BLS Releases August Employment Situation (Sept. 2018)
The Bureau of Labor Statistics reported that nonfarm payroll employment increased by 201,000 in August. Downward revisions of 50,000 to the prior two months’ data brought the three-month average gain to 185,000. Job gains were concentrated in a small number of sectors: professional and business services, construction, health care, wholesale trade, transportation and warehousing, and mining. After increasing for 12 consecutive months, manufacturing employment fell by 3,000 in August. Weakness in manufacturing also shows up in the index of hours, which declined in August; as well as a weakening manufacturing diffusion index, which indicates the percent of employers intending to add workers.
The unemployment rate remained at 3.9 percent, and the number of unemployed persons, at 6.2 million changed little. Among the major worker groups, the unemployment rates for adult men (3.5 percent), adult women (3.6 percent), teenagers (12.8 percent), Whites (3.4 percent), Blacks (6.3 percent), Asians (3.0 percent) and Hispanics (4.7 percent) showed little or no change in August.
Long-term unemployed—those jobless for 27 weeks or more—was little changed in August at 1.3 million and account for 21.5 percent of the unemployed. Over the year, the long-term unemployed has declined by 403,000. The number of persons employed part-time for economic reasons—referred also as involuntary part-time workers—stands at 4.4 million; relatively unchanged over the month, but down by 830,000 over the year.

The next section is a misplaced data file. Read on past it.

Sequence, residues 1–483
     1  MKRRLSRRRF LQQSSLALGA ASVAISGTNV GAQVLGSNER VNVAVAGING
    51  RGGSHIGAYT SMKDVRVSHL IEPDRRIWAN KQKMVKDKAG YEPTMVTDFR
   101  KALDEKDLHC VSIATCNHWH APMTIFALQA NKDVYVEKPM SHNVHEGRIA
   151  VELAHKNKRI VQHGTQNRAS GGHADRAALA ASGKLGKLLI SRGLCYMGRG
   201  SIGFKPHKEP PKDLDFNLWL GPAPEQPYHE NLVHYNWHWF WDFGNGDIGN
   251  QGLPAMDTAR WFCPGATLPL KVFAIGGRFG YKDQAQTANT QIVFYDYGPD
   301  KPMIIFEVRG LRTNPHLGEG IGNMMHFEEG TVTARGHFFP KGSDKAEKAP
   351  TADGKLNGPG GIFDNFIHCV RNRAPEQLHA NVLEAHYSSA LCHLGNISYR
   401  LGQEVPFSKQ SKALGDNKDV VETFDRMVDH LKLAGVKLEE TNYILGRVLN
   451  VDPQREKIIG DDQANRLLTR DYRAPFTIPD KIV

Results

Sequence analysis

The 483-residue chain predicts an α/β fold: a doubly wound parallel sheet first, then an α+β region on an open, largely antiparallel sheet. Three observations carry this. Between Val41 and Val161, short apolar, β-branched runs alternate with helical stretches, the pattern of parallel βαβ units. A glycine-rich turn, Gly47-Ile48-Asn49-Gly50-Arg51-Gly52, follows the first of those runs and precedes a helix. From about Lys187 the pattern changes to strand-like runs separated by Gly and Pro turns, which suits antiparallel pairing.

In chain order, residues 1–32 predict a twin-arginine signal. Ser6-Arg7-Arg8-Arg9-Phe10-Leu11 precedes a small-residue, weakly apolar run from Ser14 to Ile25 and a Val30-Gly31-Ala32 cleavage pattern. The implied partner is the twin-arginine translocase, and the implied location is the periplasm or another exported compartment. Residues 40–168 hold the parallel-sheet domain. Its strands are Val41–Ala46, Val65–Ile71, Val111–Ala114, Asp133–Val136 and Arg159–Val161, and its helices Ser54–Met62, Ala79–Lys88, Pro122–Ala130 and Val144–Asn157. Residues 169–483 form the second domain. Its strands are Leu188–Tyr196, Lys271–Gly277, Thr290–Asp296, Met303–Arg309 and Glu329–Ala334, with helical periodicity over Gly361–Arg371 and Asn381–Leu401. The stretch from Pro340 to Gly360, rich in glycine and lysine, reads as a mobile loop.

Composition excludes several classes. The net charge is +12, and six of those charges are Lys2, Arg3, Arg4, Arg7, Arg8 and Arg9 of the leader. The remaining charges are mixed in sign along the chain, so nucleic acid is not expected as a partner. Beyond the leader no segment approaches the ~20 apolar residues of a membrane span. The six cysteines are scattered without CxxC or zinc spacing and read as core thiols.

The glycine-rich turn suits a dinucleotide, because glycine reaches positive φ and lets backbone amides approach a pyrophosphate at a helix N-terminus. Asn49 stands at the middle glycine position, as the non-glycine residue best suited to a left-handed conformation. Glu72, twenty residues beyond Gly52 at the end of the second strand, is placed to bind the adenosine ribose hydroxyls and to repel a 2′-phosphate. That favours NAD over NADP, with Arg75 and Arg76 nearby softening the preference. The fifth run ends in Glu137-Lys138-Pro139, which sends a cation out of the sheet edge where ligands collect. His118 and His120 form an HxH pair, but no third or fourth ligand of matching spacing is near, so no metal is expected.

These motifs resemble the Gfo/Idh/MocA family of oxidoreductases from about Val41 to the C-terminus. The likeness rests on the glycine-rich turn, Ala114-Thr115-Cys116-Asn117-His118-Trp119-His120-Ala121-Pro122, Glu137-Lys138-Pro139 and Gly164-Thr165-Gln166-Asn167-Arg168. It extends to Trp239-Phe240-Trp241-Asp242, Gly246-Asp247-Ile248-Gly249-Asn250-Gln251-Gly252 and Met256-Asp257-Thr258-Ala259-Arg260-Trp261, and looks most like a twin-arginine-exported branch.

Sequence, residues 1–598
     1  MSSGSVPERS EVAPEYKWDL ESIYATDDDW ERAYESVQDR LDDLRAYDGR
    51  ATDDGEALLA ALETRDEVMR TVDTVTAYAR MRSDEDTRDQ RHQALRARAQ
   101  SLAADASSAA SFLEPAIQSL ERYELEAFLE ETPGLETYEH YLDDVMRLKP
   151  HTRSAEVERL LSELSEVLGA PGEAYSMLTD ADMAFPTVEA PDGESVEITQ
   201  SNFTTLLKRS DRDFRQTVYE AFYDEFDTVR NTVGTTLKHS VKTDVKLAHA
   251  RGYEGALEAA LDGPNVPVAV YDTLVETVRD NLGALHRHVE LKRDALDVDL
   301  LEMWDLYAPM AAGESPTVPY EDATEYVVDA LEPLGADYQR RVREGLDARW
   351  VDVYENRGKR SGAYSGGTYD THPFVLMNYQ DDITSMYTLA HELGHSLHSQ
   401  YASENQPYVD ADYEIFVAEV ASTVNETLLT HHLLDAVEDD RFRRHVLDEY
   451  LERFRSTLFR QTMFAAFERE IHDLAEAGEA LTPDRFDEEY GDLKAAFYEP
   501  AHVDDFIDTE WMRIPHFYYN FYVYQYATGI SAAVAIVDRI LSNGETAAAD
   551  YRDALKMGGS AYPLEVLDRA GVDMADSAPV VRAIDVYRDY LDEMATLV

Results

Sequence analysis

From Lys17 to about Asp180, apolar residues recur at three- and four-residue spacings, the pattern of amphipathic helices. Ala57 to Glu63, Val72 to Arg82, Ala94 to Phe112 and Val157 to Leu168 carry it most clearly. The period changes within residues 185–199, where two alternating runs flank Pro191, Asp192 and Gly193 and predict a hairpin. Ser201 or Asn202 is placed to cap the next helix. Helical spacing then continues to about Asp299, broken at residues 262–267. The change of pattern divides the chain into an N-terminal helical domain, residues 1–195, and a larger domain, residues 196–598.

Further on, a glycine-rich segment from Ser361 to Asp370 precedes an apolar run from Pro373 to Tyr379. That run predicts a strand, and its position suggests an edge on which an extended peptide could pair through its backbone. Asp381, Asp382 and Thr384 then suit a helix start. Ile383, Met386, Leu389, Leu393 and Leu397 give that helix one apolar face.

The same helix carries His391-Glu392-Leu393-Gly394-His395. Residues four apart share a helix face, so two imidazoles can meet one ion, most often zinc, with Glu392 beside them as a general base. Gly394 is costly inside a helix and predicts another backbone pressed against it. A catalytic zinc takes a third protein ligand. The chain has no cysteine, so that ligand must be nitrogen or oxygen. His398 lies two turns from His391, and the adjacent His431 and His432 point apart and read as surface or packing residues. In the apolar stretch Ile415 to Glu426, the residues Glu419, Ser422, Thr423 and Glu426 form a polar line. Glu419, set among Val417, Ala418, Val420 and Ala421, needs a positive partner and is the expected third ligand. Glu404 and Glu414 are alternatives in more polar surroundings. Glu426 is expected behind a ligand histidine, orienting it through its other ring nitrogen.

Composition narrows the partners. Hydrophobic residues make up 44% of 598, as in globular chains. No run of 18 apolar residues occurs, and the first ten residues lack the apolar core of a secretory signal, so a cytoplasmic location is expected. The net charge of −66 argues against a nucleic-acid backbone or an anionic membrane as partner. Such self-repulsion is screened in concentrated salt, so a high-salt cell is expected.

Both labor force participation rate—at 62.7 percent, and the employment-population (EPOP) ratio—at 60.3 percent, declined by 0.2 percentage points in August. The 0.2 percentage point drop in EPOP showed up also for prime-age workers (age 25 to 54). For men, the year-over-year increase in EPOP is 1.1 percentage points, while for women it is 0.8 percent. For both men and women, EPOPs remain below pre-recession peaks and well below the peaks reached in 2000.
The most encouraging news in the report is evidence of a modest acceleration in wage growth. The average hourly wage increased by 2.9 percent over the last year. That compares to a 2.7 percent year-over-year rise in July. Though too early to assume a clear trend, the average of the last three months compared with the prior three months is slightly more rapid at 3.1 percent. Pay gains are not especially strong in areas where employers have been complaining of labor shortages. The average hourly wage in construction was up 3.3 percent over the past year, but the gain was 3.5 percent back in September 2016. Wages in manufacturing have risen by just 1.8 percent over the last year.
The overall picture in the August jobs report is overwhelmingly positive. The economy continues to generate jobs at a very healthy pace and there is some modest evidence that wage growth may be accelerating so that wages at least slightly outpace the rate of inflation.
The full press release on the August 2018 employment situation can be accessed in the pdf. below.
The next employment situation report for September 2018 is scheduled to be released on Friday, October 5, 2018. PDF